Russia-North Korea summit scheduled for next week

Kim Jong Un will hold his first summit with Vladimir Putin next week in Vladivostok, Russian media reported on Wednesday. (AP)
Updated 17 April 2019
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Russia-North Korea summit scheduled for next week

  • Russia hosts thousands of North Korean laborers
  • Moscow continues ship-to-ship transfers of oil and other fuels, which are prohibited by sanctions

SEOUL: North Korean leader Kim Jong Un will hold his first summit with Russian President Vladimir Putin next week in Vladivostok, Russian media reported on Wednesday.

His visit comes after he failed to persuade US President Donald Trump to ease sanctions on his regime in Hanoi at the end of February.

“The first meeting in eight years between the heads of the two countries is expected to be held in Vladivostok before the departure of Russian President Vladimir Putin to Beijing for the One Belt and One Road Summit on April 26-27,” the daily newspaper Izvestiya reported, citing “an informed source at the Russian Foreign Ministry.”

“The main thing to be discussed by the heads of the two countries is the whole complex of bilateral relations and the development of economic relations in the context of sanctions,” it said, adding that Putin was expected to advocate the need for partial sanctions against North Korea.

Media outlets in South Korea anticipated that the Kim-Putin summit would take place on either April 23 or 24.

Analysts say Kim’s pivot to Russia is a way to withstand ongoing sanctions.

“For Kim, a summit with Putin is a good chance to breathe fresh life into the North’s economic hardship without the relief of US-led sanctions,” Kim Dong-yeop, a professor at Seoul’s Institute for Far Eastern Studies of Kyungnam University, told Arab News. “Kim is expected to focus more on the matters of mutual economic cooperation with Russia in the fields of energy and trade than on the issue of US sanctions. If it succeeds, Kim could buy time before a sanctions’ lifting by the US.”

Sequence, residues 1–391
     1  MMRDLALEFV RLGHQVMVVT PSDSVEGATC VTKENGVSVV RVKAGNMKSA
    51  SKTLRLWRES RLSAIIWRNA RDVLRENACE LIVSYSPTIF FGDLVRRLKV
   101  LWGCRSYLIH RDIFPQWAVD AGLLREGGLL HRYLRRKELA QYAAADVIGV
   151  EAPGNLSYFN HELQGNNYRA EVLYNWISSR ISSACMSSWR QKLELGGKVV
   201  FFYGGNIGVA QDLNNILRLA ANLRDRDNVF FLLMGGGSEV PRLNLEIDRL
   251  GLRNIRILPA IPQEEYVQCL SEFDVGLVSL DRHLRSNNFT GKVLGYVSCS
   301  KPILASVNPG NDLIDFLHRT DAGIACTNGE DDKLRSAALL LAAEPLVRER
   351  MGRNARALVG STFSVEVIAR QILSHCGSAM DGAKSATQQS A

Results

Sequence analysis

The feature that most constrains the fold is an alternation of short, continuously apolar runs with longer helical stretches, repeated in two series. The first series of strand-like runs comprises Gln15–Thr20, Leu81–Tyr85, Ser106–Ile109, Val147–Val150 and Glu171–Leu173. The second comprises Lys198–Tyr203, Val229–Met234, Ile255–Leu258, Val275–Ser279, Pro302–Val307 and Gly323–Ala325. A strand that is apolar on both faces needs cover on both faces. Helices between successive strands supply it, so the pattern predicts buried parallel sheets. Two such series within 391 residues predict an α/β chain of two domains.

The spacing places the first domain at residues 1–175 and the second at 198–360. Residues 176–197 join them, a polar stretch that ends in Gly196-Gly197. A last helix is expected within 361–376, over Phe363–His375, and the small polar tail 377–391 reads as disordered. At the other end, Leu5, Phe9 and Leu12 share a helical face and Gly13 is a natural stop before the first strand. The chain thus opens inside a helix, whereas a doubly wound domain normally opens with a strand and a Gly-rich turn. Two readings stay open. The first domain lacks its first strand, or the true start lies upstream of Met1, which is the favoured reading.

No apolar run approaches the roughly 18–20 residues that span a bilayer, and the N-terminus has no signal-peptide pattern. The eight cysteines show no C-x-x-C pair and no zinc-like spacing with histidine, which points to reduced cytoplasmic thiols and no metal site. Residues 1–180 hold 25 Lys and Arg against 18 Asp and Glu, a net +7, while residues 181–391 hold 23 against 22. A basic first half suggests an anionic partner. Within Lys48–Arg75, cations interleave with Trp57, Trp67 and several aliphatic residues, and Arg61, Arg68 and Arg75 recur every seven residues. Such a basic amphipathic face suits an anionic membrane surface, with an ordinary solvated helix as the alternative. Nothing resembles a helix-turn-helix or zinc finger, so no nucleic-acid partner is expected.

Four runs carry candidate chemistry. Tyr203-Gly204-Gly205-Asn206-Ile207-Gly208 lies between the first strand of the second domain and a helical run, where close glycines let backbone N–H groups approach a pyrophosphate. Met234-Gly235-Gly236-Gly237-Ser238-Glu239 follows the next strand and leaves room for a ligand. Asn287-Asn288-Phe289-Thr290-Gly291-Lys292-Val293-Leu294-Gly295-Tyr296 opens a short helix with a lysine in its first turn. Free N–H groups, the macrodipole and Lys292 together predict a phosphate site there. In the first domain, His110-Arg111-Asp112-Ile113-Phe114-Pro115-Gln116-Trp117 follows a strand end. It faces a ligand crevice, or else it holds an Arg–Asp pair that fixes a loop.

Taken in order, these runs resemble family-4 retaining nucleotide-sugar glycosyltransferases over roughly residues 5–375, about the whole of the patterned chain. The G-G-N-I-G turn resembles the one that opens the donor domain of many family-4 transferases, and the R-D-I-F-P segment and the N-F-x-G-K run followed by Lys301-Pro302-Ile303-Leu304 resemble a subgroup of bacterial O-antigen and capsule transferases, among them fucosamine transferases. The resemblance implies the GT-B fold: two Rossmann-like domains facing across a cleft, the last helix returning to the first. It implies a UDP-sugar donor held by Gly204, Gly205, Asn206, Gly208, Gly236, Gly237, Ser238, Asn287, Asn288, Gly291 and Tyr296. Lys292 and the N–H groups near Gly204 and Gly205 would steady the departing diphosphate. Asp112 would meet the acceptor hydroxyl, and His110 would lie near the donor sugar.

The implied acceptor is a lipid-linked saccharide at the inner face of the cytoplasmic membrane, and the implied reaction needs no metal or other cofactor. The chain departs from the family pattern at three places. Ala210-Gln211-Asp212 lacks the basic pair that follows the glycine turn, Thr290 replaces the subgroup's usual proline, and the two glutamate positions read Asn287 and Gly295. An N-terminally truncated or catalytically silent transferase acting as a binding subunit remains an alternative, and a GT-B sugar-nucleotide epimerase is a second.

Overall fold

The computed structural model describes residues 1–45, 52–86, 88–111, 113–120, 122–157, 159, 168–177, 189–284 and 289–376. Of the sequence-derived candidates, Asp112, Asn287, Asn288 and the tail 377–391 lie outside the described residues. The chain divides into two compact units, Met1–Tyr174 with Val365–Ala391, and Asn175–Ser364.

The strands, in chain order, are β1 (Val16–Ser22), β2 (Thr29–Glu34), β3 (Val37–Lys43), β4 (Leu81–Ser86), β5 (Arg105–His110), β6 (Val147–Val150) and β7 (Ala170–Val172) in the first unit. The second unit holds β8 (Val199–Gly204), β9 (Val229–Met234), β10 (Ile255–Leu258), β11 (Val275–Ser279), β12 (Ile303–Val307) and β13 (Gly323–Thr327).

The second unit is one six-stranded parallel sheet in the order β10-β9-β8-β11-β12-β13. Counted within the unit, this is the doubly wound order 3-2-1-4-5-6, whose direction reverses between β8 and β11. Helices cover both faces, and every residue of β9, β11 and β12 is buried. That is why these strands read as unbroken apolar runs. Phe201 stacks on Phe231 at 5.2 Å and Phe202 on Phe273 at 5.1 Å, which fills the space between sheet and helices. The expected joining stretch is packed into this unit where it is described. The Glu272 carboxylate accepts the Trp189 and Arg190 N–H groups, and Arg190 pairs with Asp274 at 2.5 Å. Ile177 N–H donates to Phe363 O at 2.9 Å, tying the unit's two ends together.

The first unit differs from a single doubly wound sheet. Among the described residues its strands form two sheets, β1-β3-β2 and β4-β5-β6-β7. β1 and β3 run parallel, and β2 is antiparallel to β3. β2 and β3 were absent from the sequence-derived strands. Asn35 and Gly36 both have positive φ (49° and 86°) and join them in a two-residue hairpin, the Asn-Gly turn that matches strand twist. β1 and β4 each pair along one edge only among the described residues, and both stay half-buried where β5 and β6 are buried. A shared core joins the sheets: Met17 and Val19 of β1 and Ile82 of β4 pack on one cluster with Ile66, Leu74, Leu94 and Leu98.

Earlier this month in a speech to the North’s rubber-stamp Parliament, Kim made it clear he would not fixate on a Trump summit “with a thirst for easing sanctions,” although he said he was open to a possible third meeting with the US leader.

The Vladivostok meeting signals the North’s efforts to diversify its diplomacy away from dependency on its traditional ally China, said Shin Jong-woo, a senior analyst at the Korea Defense and Security Forum think tank in Seoul.

“Pyongyang-Beijing relations are changing, with China’s influence on North Korea apparently dwindling in the aftermath of its unsuccessful trade war with Washington,” Shin told Arab News. “Russia is in a different position, however, as it confronts the US diplomatically and militarily. North Korea wants to use the confrontational relationship as a lever to resist US pressure and evade sanctions.”

Russia hosts thousands of North Korean laborers, an important source of income for the cash-strapped regime. A report from the UN Panel of Experts, which supervises sanctions implementation, alleged that Russia was continuing ship-to-ship transfers of oil and other fuels, which are prohibited by sanctions.

The US dispatched its envoy to North Korea, Stephen Biegun, to Moscow on Wednesday.

The US State Department says Biegun will stay in the capital until Thursday for talks with his Russian counterparts over the final and fully verified denuclearization of North Korea.  

“The US government would have intelligence about the Russia-North Korea summit,” Shin said. “Biegun is expected to play as a stopper to block Russia’s diplomatic maneuvers with North Korea ahead of the summit.”

News of the Putin-Kim summit comes as fresh analysis of US satellite imagery suggests there may be renewed activity at the North’s main nuclear complex in Yongbyon.

According to the Center for Strategic and International Studies, new photographs taken on April 12 show five specialized rail cars at a part of the complex near a uranium enrichment facility and radiochemistry laboratory.

Experts believe they indicate reprocessing activity is about to or has taken place, a step in the production of fissile material for nuclear bombs.


Pakistan police seek to unravel networks trafficking women

Updated 10 min 32 sec ago
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Pakistan police seek to unravel networks trafficking women

  • At least two dozen Chinese nationals and dozens of their Pakistani partners have been arrested in recent weeks in raids by Pakistan’s Federal Investigation Agency
  • Pakistan became a focus of Chinese marriage brokers last year, and activists say that since then as many as 1,000 women and girls have been married off to Chinese men

FAISALABAD, Pakistan: With waves of arrests, Pakistani investigators are trying to unravel trafficking networks that convince impoverished Pakistanis to marry off their daughters to Chinese men for cash, and they say evidence is growing that many of the women and girls are sold into prostitution once in China.